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Treatment Delay Impact on Open Reduction Internal Fixation of Mandibular Fractures: A Systematic Review

Stone, Nicholas, MD*; Corneman, Alex, MD*; Sandre, Anthony R., MSc, BSc; Farrokhyar, Forough, PhD, MPhil‡,§; Thoma, Achilleas, MD, MSc, FRCSC*,‡,§; Cooper, Michael J., MD, FRCSC*

Plastic and Reconstructive Surgery – Global Open: June 2018 - Volume 6 - Issue 6 - p e1829
doi: 10.1097/GOX.0000000000001829
Original Article
Canada

Background: The impact of mandible fracture treatment delay has been contested in the literature for decades, with conventional wisdom favoring earlier surgical treatment to prevent postoperative complications, primarily infection. Through a systematic review of all available evidence, this study aims to determine whether delay to open reduction and internal fixation of traumatic mandibular fractures influences outcomes.

Methods: MEDLINE, EMBASE, CINAHL, and Web of Science were systematically searched for English language literature pertaining to the above research question and screened in duplicate. Methodological quality scoring was performed using MINORS criteria. Qualitative and quantitative findings from relevant studies are presented.

Results: Twenty eligible studies including 2,671 patients had open reduction internal fixation, with or without adjunct mandibulomaxillary fixation. All studies were observational cohort or case-control studies of low methodological quality with a mean MINORS score of 6.5 of 16 (40.6%) for noncomparative studies and 11.2 of 24 (46.7%) for comparative studies. Only 5 of 20 (25%) studies recommended earlier treatment. Due to insufficient reporting of data and study heterogeneity, the impact of treatment delay on complications could not be quantitatively analyzed.

Conclusions: There is substantial heterogeneity and no consensus on the definition of “early” versus “delayed” surgical treatment for patients with traumatic mandibular fractures. The majority of included studies do not make a recommendation for earlier treatment. Future, well-designed prospective studies are essential to determine if there is an optimal surgical treatment delay of mandibular fractures that mitigates the risk of infectious and noninfectious complications.

From the *Division of Plastic Surgery, Department of Surgery, McMaster University, Hamilton, Ontario, Canada

Michael G. DeGroote School of Medicine, McMaster University, Hamilton, Ontario, Canada

Department of Surgery, McMaster University, Hamilton, Ontario, Canada

§Department of Health Research Methods, Evidence and Impact, McMaster University, Hamilton, Ontario, Canada.

Published online 18 June 2018.

Received for publication April 5, 2018; accepted April 18, 2018.

Disclosure: The authors have no financial interest to declare in relation to the content of this article. The Article Processing Charge was paid for by the corresponding author.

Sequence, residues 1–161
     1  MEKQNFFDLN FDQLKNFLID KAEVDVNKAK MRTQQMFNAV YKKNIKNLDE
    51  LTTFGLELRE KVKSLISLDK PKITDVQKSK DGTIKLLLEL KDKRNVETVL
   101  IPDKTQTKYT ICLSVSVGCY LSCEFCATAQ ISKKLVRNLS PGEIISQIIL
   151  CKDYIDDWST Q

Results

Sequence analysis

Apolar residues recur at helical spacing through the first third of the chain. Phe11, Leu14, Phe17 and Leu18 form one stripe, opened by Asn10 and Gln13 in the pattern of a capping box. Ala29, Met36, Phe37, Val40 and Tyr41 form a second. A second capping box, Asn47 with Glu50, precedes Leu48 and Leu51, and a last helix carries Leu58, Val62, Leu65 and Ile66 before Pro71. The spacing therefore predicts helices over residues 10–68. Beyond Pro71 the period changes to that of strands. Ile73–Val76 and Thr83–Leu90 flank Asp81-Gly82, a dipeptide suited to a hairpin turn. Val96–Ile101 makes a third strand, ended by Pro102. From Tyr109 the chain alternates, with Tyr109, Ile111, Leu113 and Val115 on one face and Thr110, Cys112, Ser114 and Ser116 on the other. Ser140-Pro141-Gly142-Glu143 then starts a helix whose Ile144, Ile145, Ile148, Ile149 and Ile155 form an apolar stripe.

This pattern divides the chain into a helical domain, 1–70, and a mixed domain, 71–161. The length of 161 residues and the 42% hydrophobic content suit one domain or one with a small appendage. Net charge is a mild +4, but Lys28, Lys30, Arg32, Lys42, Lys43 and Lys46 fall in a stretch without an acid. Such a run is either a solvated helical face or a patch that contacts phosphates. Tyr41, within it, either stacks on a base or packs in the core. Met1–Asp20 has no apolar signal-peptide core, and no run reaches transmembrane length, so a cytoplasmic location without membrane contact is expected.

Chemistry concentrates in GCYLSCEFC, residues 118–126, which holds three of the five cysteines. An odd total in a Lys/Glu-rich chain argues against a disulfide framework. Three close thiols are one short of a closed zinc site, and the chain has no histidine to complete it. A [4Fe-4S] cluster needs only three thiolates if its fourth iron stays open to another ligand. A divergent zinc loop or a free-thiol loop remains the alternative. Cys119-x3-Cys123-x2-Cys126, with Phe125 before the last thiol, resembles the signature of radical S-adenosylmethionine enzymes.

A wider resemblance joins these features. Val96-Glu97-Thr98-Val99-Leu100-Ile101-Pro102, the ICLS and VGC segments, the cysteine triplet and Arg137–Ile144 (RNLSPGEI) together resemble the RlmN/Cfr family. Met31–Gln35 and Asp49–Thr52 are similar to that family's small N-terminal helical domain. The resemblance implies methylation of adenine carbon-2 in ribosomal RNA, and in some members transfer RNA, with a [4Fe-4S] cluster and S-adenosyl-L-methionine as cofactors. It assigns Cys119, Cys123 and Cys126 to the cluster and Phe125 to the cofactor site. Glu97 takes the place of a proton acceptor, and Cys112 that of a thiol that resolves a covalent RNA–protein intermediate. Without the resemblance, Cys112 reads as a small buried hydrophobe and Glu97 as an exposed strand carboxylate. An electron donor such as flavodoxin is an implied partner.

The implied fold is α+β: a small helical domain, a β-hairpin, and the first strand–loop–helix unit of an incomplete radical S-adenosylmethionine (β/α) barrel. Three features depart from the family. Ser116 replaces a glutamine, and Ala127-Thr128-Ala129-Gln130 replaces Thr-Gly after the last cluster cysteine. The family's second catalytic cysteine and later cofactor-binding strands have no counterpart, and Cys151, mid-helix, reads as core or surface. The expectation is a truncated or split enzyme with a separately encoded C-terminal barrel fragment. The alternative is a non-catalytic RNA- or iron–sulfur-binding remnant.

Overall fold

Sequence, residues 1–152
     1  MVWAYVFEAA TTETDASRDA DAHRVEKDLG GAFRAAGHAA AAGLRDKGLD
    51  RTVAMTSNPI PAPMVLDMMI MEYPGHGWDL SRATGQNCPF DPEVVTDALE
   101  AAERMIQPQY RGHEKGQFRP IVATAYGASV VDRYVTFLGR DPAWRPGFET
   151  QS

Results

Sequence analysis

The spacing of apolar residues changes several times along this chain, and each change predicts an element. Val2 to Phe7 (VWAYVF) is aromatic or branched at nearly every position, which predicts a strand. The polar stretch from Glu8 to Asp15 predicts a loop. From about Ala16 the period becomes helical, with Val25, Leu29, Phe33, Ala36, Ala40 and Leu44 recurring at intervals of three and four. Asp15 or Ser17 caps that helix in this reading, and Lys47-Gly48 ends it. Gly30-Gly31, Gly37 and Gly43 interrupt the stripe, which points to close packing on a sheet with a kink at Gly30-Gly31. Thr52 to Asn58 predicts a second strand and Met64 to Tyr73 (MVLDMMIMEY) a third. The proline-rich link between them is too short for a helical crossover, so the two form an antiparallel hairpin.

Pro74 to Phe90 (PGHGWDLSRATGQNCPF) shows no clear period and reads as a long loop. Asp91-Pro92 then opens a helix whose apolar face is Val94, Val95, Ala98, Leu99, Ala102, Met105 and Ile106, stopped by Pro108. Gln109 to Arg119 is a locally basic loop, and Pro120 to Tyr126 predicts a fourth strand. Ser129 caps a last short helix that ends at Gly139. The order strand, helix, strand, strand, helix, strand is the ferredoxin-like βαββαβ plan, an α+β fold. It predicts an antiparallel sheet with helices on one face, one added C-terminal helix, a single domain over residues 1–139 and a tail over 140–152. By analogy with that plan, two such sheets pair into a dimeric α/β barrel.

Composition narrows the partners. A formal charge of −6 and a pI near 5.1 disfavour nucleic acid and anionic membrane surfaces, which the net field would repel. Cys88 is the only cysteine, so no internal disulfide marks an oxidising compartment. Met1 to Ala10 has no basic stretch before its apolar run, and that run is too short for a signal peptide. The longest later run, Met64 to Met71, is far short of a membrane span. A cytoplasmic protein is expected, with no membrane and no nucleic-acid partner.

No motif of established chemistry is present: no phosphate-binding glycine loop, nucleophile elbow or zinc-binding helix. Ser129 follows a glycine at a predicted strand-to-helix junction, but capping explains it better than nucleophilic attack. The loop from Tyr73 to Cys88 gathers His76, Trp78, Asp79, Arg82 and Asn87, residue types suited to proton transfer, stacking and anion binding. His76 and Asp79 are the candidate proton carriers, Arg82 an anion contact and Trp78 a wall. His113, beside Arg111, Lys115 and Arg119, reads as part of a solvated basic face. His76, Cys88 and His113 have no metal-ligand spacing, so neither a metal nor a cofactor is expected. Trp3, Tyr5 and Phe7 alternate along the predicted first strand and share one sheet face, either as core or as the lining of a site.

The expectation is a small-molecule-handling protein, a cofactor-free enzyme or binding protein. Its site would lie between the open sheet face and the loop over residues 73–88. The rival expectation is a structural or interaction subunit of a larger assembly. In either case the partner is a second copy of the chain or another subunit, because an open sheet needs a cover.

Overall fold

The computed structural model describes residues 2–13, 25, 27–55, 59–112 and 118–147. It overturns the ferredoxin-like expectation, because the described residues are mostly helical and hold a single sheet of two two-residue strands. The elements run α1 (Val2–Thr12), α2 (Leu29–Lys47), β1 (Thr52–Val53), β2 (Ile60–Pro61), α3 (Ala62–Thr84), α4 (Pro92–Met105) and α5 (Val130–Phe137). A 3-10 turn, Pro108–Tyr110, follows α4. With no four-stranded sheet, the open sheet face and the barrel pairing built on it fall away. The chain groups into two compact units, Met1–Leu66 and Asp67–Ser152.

Michael James Cooper, MD, FRCSC, Division of Plastic Surgery, McMaster University, 237 Barton St. East, Hamilton, Ontario, L8L 2X2, E-mail: Michael.cooper@medportal.ca

This is an open-access article distributed under the terms of the Creative Commons Attribution-Non Commercial-No Derivatives License 4.0 (CCBY-NC-ND), where it is permissible to download and share the work provided it is properly cited. The work cannot be changed in any way or used commercially without permission from the journal.

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INTRODUCTION

Although closed reduction of mandible fractures via mandibulomaxillary fixation (MMF) has therapeutic value, open reduction internal fixation (ORIF) has become the standard of care for achieving anatomic reduction for a wide variety of mandibular fractures, including condylar head fractures.1 However, mandible ORIF is considered to have a higher risk of postoperative infectious complications, as compared with MMF,2–5 given the introduction of hardware in a grossly contaminated oral cavity. Intuitively, earlier ORIF should reduce the open fracture contamination exposure, though delayed ORIF allows for soft-tissue edema to subside and wound closure under reduced tension, which may theoretically decrease the risk of subsequent wound dehiscence and hardware exposure.

Early expert opinion suggested that ORIF for mandibular fractures should be performed within 6 hours of injury to reduce complication rates.6 This time threshold was later extended to 24 hours,7 and by the 1990s to within 48–72 hours.8 To date, there remains no consensus on the optimal ORIF treatment delay or whether delayed treatment increases complication rates. At our center, this poses a scheduling challenge for booking mandible ORIF cases as a “Priority 2” (to be completed within 24 hours), or a “Priority 3” (to be completed within 72 hours).

Previous reviews have addressed, at least in part, the topic of mandible fracture ORIF treatment delay.9–11 However, earlier reviews analyzed heterogeneous populations of patients with various facial fractures,9–11 included patients treated exclusively with closed surgical techniques,9–11 and were either outdated,9 or not truly systematic in nature.10 , 11 This study is the first systematic review to focus specifically on patients with mandible fractures receiving ORIF and includes several studies not analyzed in the aforementioned reviews.

The primary research question of this systematic review is: in patients with traumatic mandible fractures, does “early” compared with “delayed” ORIF impact postoperative complications, primarily infection?

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METHODS

Search Strategy and Study Screening

The search strategy was designed based on our research question that was formulated a priori using a “Population, Intervention, Comparison, Outcome, Timing” (PICOT)12 format (Table 1). The inclusion/exclusion criteria were also determined a priori (Table 2).

Table 1

Table 1

Table 2

Table 2

The online databases Medline, Embase, CINAHL, and Web of Science were searched from inception until December 22, 2016. All database searches utilized wildcard truncation, synonyms, and MeSH terms for the following search terms: “mandible,” “fracture,” “complications,” “time factors,” and “surgery.” The Cochrane Central Register of Controlled Trials13 and clinicaltrials.gov 14 were searched for any relevant published or unpublished studies. References of relevant studies and previously published reviews were also searched. This systematic review was registered in PROSPERO.15